Perceptions in Northern Ireland: 25 Years After the Good Friday Agreement

Various women in the Irish Republican Army that died during The Troubles. Photo courtesy of PPCC Antifa.

Guest post by Sabine Carey, Marcela Ibáñez, and Eline Drury Løvlien

On April 10, 1998, various political parties in Northern Ireland, Great Britain, and the Republic of Ireland signed a peace deal ending decades of violent conflict. Twenty-five years later, the Good Friday Agreement remains an example of complex but successful peace negotiations that ended the conflict era known as The Troubles.

Since the agreement, Northern Ireland has experienced a sharp decline in violence. But sectarian divisions continue as a constant feature in everyday life. Peace walls remain in many cities, separating predominantly Catholic nationalists from predominantly Protestant unionist and loyalist neighborhoods. Brexit and the Northern Ireland protocol increased tensions between the previously warring communities, leading to an upsurge in sectarian violence, which has been a great cause of concern.

In March 2022, we conducted an online survey to understand attitudes toward sectarianism among Northern Ireland’s adult population. Our results show that sectarianism continues to impact perceptions and attitudes in Northern Ireland. The continued presence of paramilitaries is still a divisive issue that follows not just sectarian lines but also has a strong gender component.

How prevalent are sectarian identities in Northern Ireland today?

Our findings show that the pattern of who identifies as Unionist or Nationalist closely resembles the patterns of who reports having a Protestant or Catholic background. Unionists prefer a closer political union with Great Britain and are predominantly Protestant, Nationalists are overwhelmingly Catholic and are in favor of joining the Republic of Ireland.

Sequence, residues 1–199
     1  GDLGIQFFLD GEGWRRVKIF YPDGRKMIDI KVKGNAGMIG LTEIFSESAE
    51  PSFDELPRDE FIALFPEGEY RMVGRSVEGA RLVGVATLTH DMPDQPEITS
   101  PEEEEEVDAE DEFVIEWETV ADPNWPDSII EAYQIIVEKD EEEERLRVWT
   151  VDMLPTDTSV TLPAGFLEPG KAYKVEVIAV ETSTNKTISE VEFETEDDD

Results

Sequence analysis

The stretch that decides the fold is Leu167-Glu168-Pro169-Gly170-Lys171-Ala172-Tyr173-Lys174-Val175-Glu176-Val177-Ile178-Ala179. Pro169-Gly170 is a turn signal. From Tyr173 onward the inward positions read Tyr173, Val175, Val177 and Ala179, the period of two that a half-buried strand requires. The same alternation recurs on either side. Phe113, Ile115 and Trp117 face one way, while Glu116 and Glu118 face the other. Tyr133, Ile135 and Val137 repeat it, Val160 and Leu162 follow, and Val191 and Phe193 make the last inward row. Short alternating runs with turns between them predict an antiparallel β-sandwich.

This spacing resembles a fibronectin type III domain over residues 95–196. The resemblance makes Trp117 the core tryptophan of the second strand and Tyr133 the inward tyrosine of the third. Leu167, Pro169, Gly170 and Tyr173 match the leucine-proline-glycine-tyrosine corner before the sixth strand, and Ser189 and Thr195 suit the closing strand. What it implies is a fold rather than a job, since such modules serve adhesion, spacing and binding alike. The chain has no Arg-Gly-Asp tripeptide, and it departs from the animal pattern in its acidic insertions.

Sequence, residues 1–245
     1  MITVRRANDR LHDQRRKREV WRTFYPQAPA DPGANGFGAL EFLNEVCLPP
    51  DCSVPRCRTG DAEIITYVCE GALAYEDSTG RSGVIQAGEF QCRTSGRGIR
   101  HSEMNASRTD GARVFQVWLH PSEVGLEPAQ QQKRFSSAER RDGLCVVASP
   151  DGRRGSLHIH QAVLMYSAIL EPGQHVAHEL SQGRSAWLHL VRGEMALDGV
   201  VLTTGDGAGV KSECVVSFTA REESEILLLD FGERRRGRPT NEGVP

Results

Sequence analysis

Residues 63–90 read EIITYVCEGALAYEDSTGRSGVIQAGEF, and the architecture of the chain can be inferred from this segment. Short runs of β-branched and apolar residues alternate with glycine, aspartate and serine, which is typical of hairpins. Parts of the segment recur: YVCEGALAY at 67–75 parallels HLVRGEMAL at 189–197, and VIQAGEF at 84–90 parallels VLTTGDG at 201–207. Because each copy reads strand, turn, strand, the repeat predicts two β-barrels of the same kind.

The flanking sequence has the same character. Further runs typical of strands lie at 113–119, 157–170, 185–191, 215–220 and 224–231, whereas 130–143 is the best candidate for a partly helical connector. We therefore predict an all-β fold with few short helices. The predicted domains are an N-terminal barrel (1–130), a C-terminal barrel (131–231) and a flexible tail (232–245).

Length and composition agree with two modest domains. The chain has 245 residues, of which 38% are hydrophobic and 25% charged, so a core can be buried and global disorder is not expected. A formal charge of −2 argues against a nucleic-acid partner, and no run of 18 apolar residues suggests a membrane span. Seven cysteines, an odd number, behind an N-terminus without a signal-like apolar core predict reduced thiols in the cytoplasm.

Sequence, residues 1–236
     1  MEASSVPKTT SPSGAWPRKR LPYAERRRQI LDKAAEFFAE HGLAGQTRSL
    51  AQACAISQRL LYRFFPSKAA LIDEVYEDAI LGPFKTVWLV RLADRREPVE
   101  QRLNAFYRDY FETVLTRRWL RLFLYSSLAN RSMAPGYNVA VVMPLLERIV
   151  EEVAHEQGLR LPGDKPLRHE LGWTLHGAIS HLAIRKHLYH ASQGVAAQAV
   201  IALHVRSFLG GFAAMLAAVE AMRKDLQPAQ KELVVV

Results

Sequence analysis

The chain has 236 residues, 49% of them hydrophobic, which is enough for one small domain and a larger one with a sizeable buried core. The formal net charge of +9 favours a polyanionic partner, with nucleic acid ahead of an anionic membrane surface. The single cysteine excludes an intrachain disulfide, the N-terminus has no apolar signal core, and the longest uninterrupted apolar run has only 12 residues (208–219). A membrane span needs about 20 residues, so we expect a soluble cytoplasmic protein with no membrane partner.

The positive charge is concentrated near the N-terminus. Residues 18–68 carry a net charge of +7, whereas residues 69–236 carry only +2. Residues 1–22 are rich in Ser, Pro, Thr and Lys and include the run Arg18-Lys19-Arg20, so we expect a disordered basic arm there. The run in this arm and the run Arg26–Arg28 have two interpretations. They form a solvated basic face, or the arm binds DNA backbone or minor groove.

Catholic and Nationalist identities appear to have a greater salience for the post-agreement generations than for older generations who lived through the Troubles. For Protestant and Unionist respondents, the opposite is the case, as religious background and community affiliation have a higher salience among older groups, particularly among men. Among the adults we surveyed, for men the modal age of those identifying as Unionists is 58 years, for women it is 46.

Economic fears or security concerns—what is seen as the most significant problem facing Northern Ireland today?

When asked about the greatest problem facing Northern Ireland today, sectarianism still features strongly among both communities. Today, the fault lines of the conflict seem to resonate more with those from a Catholic background than with those from a Protestant background. While Protestants were predominantly concerned with poverty and crime, among Catholics sectarianism emerged most often as the greatest concern. Just over 50 percent of Catholic respondents mentioned an aspect relating to the Troubles (sectarianism or paramilitaries) as the greatest problem today, compared to only 39 percent of Protestant respondents. Most Protestant respondents selected Brexit and the Northern Ireland Protocol as the greatest problem, reflecting concerns of the Protestant community discussed in a Political Violence At A Glance post from 2021.

To what extent does economic status drive concerns? Those who see themselves as belonging to a lower-income group were more likely to identify poverty and unemployment as the greatest problem. Concerns about sectarianism and (former) paramilitary groups appeared most prevalent among those who placed themselves in the high-income group.

Gendered perceptions of paramilitary groups